Critical Memory Studies and the Politics of Victimhood: Reassessing the Role of Victimhood Nationalism in Northern Ireland and South Africa

Chapter

Abstract

This chapter examines the role of victimhood nationalism in post-conflict societies. It elaborates on the advancing discipline of “memory studies” by reassessing the roles of memories in societies like Northern Ireland and South Africa. Based on extensive field research in both case studies, this chapter makes the case for the establishment of so-called “critical memory studies”. Such an approach would take into account the contentious and conflict-ridden nature of “victim” and “victimhood”: The definition of a “victim” is bound to be dominated by victimhood nationalism in post-conflict societies, while victimhood nationalism is interrelated with the demand for dealing with the past. Critical memory studies may, thus, add a new perspective to the conventional wisdoms of transitional justice because they challenge the very concept of “victimhood” and its applicability. As a key analytical consequence, this chapter wants to draw awareness of the inherent dialectic of memory: On the one hand, there is the possibility of exploitation of memory through acts of memoralisation; while on the other hand, memory practices can acquire transformative quality in themselves. In order to analyse this dialectical nature of memory, critical memory studies will have to interpret violence as embedded within a collective memoralisation by the referent communities.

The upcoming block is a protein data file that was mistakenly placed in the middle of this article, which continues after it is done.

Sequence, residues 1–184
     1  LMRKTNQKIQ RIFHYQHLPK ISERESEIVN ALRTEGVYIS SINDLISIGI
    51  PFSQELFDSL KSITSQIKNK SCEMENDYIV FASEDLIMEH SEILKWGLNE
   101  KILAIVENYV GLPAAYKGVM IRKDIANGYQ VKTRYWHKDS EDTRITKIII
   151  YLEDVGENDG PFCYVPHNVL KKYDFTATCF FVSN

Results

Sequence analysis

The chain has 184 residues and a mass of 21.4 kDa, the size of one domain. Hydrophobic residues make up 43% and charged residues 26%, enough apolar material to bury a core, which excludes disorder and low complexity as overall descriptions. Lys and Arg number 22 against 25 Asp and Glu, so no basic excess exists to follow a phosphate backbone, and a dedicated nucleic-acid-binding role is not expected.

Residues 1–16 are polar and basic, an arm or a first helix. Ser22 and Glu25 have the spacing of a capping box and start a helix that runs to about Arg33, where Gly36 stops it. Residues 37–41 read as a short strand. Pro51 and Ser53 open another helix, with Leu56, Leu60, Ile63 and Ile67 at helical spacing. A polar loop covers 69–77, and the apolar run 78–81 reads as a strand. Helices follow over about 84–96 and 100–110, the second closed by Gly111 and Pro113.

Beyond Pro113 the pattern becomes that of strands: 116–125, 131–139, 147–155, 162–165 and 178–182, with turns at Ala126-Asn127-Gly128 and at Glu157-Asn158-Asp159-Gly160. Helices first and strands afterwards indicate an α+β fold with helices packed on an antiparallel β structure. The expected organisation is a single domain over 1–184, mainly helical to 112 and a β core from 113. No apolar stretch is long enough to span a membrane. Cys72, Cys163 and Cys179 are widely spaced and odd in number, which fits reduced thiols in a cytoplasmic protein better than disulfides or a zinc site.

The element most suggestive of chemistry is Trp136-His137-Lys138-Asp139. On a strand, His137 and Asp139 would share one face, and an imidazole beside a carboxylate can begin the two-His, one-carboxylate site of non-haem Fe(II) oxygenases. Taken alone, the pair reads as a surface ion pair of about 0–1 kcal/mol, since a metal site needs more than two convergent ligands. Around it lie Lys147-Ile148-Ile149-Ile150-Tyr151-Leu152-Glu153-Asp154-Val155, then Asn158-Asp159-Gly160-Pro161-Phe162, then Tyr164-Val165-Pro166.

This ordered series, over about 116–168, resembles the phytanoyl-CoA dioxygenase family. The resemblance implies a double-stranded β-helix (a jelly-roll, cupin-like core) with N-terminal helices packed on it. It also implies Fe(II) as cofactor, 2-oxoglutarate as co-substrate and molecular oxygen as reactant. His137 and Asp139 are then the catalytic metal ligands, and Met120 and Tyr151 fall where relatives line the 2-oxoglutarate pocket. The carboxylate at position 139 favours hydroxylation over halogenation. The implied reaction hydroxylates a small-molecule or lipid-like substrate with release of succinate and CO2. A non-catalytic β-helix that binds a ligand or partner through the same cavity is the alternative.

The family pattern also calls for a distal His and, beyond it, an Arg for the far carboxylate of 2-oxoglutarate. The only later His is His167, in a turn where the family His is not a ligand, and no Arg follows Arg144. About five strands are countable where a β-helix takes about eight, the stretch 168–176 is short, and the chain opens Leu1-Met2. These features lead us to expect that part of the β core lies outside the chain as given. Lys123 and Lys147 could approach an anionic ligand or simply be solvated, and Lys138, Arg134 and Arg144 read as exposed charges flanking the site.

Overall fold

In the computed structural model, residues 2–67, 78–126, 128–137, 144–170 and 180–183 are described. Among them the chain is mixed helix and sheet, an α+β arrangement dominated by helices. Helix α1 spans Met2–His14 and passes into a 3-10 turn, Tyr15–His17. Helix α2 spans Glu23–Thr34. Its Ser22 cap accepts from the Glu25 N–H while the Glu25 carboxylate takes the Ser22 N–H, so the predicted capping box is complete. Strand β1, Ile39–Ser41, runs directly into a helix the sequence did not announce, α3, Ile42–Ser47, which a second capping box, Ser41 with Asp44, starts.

Keywords

Memory Victims Victimhood nationalism Transitional justice Post-conflict transition Northern Ireland South Africa 

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Copyright information

© T.M.C. ASSER PRESS, The Hague, The Netherlands, and the authors 2013

Authors and Affiliations

  1. 1.Albert-Ludwigs-University of FreiburgFreiburgGermany

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